COVID-19 Campaign: How You Can Help
Join Online to help UM Health Services, Food Bank, Others
Hundreds of alumni and friends have reached out to help members of the University of Mississippi community amid the COVID-19 pandemic, which has resulted in students returning to their homes to promote social distancing and courses transitioning to online delivery for the duration of the semester and summer.
They’re helping via a new online campaign called “Rebel Relief: How Can I Help?” at https://ignite.olemiss.edu.
The donors’ generous support to Rebel Relief has helped students with everything from housing to medical needs, meals and other critical needs brought on by COVID-19.
“Gifts ranging from $100 to $500 are providing immediate support to our students within 24 to 48 hours of their requests,” said Susan Boyette, executive director of central development.
The campaign gives contributors options to give to University Health Services to help prepare extra supplies, to the Ole Miss Food Bank to provide food assistance to students and employees, to the Student Emergency Fund, to the University Counseling Center and to an academic support fund that will help with the move to online classes.
In addition, the general Rebel Relief fund allows administrators to serve the most emergent student needs in the crisis, which may change as the situation evolves daily.
“After the announcement that students would not be returning to classes or dorms, we were touched and inspired to receive calls and emails from friends of the university, asking what they could do to help,” said Charlotte Parks, vice chancellor for development.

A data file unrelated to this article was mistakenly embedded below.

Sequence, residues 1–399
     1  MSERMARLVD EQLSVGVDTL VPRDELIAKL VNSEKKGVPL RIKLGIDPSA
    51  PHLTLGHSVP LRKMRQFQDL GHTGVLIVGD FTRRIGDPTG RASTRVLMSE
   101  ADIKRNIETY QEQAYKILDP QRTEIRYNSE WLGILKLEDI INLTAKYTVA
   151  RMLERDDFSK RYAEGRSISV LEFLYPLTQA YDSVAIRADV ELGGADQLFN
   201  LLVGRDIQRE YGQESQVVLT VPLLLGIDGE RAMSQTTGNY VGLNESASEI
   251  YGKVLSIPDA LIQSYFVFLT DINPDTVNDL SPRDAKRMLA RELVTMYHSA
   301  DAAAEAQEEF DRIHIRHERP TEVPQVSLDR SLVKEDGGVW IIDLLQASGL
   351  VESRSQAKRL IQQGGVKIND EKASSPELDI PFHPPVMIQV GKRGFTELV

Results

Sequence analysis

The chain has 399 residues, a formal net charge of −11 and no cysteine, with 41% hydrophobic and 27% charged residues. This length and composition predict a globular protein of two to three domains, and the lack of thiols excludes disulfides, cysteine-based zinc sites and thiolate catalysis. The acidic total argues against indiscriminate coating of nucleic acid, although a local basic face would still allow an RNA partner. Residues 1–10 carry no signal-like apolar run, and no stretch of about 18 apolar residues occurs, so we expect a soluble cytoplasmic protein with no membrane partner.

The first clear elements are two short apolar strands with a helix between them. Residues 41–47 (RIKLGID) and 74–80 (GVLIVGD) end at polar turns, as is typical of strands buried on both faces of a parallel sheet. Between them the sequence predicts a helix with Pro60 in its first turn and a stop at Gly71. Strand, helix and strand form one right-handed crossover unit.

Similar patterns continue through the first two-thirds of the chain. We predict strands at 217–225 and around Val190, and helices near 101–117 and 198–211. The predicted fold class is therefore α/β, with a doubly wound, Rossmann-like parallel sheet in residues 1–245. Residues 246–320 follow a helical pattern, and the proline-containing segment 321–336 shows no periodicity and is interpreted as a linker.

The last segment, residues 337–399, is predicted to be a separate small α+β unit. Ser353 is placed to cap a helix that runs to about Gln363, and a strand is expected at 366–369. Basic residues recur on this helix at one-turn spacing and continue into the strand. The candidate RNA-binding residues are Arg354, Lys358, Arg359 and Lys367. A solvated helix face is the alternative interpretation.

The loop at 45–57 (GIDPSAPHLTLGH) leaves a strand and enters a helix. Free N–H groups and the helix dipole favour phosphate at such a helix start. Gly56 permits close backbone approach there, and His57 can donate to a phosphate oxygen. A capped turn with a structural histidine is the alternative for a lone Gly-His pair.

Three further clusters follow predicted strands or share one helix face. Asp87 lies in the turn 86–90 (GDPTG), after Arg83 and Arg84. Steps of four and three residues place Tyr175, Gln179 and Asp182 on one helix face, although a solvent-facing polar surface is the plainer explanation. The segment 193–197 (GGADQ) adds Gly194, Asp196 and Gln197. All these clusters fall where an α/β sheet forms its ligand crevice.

“We had not planned on launching a campaign until it became clear that many people wanted to support our students through these unprecedented times. We identified the greatest areas of need and used our Ignite Ole Miss platform to respond.”
In the first week of the university’s closure, the Ole Miss Food Bank distributed 925 pounds of food, or 770 meals, to students and employees. In a typical week, there is far less demand.
At the same time, University Health Services, which serves students and employees, is securing additional equipment and finalizing emergency plans to serve many more patients in coming weeks, and the University Counseling Center implemented plans to provide tele-mental health services.
On March 23, more than 15,500 students logged in to take classes that were redesigned to an online format in less than a week.
UM Provost Noel Wilkin addressed the need for support.
“Our goal is to protect the safety of the people in our community and help support our students to complete their semester,” he said. “This has been a tremendous effort and shift in a short period. As a result, it has required additional resources and support for members of our community.
“We always are inspired and deeply grateful when alumni and friends support our efforts to provide a top-tier education. We remain committed to ensuring that every member of our UM community can access the tools and support they need to thrive.”
To date, the campaign has raised more than $11,000. Individuals and organizations that wish to give or find out more can visit https://ignite.olemiss.edu/rebelrelief.
By Angela Atkins